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A Self-Propelled Man

by Clare Coppa

Bob Parsons rode a bicycle to work for 35 years. He was on a bike when the World Trade Center fell. He cycled ten years through upper New York winters.

Last fall, the retired editor pedaled over 2000 miles (3200 km) from Washington State’s San Juan Islands to San Diego.

Why does he do it? “I have been bicycling forever,” said the resident of Larchmont, Colo., who enjoys the fitness it brings.

Riding to work prepared him for longer jaunts. For 15 years, he rode 7.5 miles (12 km) to the American Society of Heating, Refrigerating and Air-Conditioning Engineers (ASHRAE) in Atlanta. For 20 years, he biked a few miles to jobs at the Universities of California, and Cornell in Ithaca, N.Y. “I had an old clunker and I wore rubber galoshes,” he said, shrugging off any indication that riding through plowed walls of snow in Ithaca was challenging. “There were days it was a little cool,” he admitted.

He started long distance cycling in 1987 with a co-worker from Nashville to Atlanta after a meeting. His described his latest trip from Washington to San Diego last September: “I particularly enjoyed meeting and riding with other cyclists along the route. And, of course, the rocky overlooks along the blue Pacific, the wide sandy beaches in the Los Angeles area, and the cathedral-like groves of redwoods in the Avenue of the Giants were wonderful to see.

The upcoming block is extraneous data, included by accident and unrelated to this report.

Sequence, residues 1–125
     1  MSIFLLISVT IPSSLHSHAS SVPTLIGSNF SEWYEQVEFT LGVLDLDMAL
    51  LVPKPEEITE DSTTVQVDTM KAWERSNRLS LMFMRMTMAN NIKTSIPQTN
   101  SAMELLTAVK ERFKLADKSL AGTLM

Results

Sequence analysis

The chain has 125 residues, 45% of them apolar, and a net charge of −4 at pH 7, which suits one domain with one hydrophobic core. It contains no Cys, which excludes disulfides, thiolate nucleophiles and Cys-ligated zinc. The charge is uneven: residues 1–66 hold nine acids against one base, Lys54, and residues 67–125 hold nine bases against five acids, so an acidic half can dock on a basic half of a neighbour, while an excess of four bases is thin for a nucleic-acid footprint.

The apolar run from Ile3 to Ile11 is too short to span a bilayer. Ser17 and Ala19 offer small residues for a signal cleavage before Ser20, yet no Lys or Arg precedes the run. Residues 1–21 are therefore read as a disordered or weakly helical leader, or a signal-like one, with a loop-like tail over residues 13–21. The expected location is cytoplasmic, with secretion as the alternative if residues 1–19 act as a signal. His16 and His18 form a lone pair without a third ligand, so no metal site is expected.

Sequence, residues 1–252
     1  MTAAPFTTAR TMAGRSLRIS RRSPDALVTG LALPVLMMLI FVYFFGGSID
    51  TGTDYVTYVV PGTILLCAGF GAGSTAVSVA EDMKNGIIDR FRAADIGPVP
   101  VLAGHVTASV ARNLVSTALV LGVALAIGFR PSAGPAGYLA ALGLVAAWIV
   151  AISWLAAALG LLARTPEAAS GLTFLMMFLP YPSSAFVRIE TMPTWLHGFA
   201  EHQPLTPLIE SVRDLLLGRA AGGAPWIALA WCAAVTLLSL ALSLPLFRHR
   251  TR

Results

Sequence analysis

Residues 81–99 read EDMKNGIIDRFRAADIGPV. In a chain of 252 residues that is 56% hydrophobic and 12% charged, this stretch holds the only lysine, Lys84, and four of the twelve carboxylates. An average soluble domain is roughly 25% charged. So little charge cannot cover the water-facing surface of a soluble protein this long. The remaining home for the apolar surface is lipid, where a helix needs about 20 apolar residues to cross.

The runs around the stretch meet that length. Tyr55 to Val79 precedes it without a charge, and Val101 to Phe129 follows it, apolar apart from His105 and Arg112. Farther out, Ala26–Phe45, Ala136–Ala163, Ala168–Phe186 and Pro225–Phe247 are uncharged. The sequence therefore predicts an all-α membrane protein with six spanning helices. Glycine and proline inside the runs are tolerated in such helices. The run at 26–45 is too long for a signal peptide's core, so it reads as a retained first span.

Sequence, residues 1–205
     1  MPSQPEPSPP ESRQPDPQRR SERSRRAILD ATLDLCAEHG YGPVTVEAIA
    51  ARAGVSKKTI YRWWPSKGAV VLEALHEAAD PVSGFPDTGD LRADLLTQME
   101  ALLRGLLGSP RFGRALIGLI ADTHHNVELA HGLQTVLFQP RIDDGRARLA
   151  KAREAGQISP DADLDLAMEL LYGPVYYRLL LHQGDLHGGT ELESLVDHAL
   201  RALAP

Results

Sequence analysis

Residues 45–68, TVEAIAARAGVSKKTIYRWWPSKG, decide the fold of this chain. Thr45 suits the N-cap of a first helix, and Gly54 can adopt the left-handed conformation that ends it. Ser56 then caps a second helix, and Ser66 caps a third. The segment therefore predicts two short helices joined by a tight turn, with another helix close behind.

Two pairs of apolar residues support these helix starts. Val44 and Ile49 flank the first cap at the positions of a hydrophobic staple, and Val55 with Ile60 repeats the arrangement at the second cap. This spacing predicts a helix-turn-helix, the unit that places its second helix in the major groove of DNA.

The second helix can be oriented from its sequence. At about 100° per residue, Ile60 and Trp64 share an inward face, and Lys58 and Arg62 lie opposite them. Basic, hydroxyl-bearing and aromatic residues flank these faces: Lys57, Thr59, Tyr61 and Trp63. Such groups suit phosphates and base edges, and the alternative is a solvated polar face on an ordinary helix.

“But September 11 became almost surreal for me after a motorist told me that the World Trade Center was gone. He saw me at an overlook along the Columbia River about six hours after it had happened. I couldn’t help but grieve and wonder how my world could remain so peaceful and beautiful after such a terrible thing had occurred.”

Steep hills near the northern California coast held the hardest terrain for Parsons, who rode a Trek 520 with 27 gear combinations. With stops for sightseeing and visiting, he spent 36 days on the road carrying 40 pounds (18 kg) that included clothing, a tent, sleeping bag, mattress, cooking gear, and food. Temperatures were typically 50°F (10°C) to 68°F (20°C).

Sleeping in state campgrounds offered sights of “salmon swimming upstream to spawn, sea otters swimming in the mouth of the Rogue river, sea lions in several places, and elephant seals near San Simeon,” he said, citing the Hearst castle above the Pacific.

He viewed Orcas Island in Washington, “snow-capped Mount Rainier, the majestic Columbia river, and Fort Clatsop where the Lewis and Clark expedition wintered after they had reached the mouth of the Columbia River.” He ate blackberries along the roadside from Washington to just north of San Francisco and saw jellyfish in the Monterey aquarium “that are displayed such that they look like slowly moving, brilliantly colored abstract art.” While he was cruising, his wife Ann, a nurse, was in Costa Rica improving her Spanish.

A former ASHRAE technical editor, Parsons has a masters degree in agricultural engineering from Cornell. He is a member of ASTM Committee E43 on SI Practice which maintains standards for the International System of units (the metric system). For the past six years, he has converted metric equivalents in Standardization News.

You can’t keep Parsons off of his bike. After we spoke, he headed out to ride several hours in the Rocky mountains near his home.

Copyright 2002, ASTM